Use this URL to cite or link to this record in EThOS: http://ethos.bl.uk/OrderDetails.do?uin=uk.bl.ethos.655724
Title: Lewis acids for the activation of pyridines for further functionalisation
Author: Abou-Shehada, Sarah
ISNI:       0000 0004 5367 1131
Awarding Body: University of Bath
Current Institution: University of Bath
Date of Award: 2015
Availability of Full Text:
Access from EThOS:
Access from Institution:
Abstract:
This thesis outlines work carried out over the past three years concerning the development of an experimentally simple, sustainable catalytic method for the functionalisation of pyridines by means of a zinc nitrate based Lewis acid. It encompasses reaction discovery and optimisation, determination of the scope of the method through nucleophile and substrate screens as well as investigations into the mechanism by which the reaction takes place. Chapter 1 gives a general overview of the industrial relevance of pyridine functionalisation as well as the synthetic methods for the synthesis of ring functionalised pyridines, covering traditional stoichiometric aromatic substitution methods, transition metal catalysed cyclisations, standard catalytic methods for the functionalisation of pyridines: Buchwald-Hartwig and Ulmann reactions, as well as a précis of some recent transition metal catalysed methods for C-H functionalisation of pyridines. It also reviews classical and transition metal catalysed methods for conjugate addition and Diels–Alder reactions of vinylpyridines. Chapter 2 involves reaction discovery for the use of Lewis acids for the activation of pyridines towards nucleophilic aromatic substitutions, reaction optimisations, kinetic investigations and an examination of the scope in substrates and incoming groups. Chapter 3 investigates the use of Lewis acids for the activation of vinylpyridines toward conjugate addition, reaction optimisations, investigations into scope of incoming groups and subsequent optimisation studies for each. The method is also extended to Diels–Alder cyclisations, for which the reaction is also optimised.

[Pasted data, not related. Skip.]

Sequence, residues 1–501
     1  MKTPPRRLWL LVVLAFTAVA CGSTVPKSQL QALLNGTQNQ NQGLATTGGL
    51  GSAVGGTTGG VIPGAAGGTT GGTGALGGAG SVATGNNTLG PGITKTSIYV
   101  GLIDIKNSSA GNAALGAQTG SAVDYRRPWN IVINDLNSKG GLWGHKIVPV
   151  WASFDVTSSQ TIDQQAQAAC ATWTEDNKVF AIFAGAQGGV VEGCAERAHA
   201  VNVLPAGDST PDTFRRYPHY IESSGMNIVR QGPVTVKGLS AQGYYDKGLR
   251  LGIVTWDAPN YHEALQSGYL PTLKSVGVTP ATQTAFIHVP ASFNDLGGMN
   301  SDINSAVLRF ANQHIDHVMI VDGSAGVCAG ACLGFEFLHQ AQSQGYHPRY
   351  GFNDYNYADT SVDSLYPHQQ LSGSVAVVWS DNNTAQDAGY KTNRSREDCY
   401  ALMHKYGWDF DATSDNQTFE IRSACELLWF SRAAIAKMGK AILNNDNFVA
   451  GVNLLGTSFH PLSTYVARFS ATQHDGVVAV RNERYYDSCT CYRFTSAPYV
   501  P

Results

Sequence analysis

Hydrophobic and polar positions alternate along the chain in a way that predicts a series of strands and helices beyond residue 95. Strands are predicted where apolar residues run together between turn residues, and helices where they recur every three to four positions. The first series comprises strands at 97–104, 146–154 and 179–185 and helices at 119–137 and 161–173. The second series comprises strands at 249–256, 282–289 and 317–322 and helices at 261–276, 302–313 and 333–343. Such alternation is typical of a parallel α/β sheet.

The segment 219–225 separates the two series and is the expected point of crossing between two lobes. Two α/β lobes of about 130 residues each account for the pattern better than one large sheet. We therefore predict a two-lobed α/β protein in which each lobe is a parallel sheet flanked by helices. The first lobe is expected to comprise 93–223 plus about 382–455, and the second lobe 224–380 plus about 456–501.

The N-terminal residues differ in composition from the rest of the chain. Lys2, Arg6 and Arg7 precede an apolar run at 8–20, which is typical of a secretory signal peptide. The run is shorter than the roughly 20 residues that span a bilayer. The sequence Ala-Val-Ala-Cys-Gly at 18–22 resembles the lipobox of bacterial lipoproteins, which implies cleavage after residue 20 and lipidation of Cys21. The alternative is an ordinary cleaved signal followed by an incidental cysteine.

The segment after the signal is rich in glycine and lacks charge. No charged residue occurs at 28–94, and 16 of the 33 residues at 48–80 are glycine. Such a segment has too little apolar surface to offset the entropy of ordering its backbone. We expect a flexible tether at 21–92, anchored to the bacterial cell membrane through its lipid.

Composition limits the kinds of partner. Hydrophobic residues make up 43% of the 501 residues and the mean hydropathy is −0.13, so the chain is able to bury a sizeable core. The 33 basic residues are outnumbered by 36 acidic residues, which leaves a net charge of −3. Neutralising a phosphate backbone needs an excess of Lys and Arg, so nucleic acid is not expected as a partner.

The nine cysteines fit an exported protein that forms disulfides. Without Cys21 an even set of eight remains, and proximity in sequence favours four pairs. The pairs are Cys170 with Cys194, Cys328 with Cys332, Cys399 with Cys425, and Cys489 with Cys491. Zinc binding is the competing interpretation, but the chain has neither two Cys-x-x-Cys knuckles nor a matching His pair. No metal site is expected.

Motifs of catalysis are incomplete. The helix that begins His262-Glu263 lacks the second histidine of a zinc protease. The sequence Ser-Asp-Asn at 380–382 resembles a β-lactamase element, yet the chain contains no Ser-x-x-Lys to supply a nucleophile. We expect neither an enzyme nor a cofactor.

Supervisor: Not available Sponsor: Not available
Qualification Name: Thesis (Ph.D.) Qualification Level: Doctoral
EThOS ID: uk.bl.ethos.655724  DOI: Not available
Share: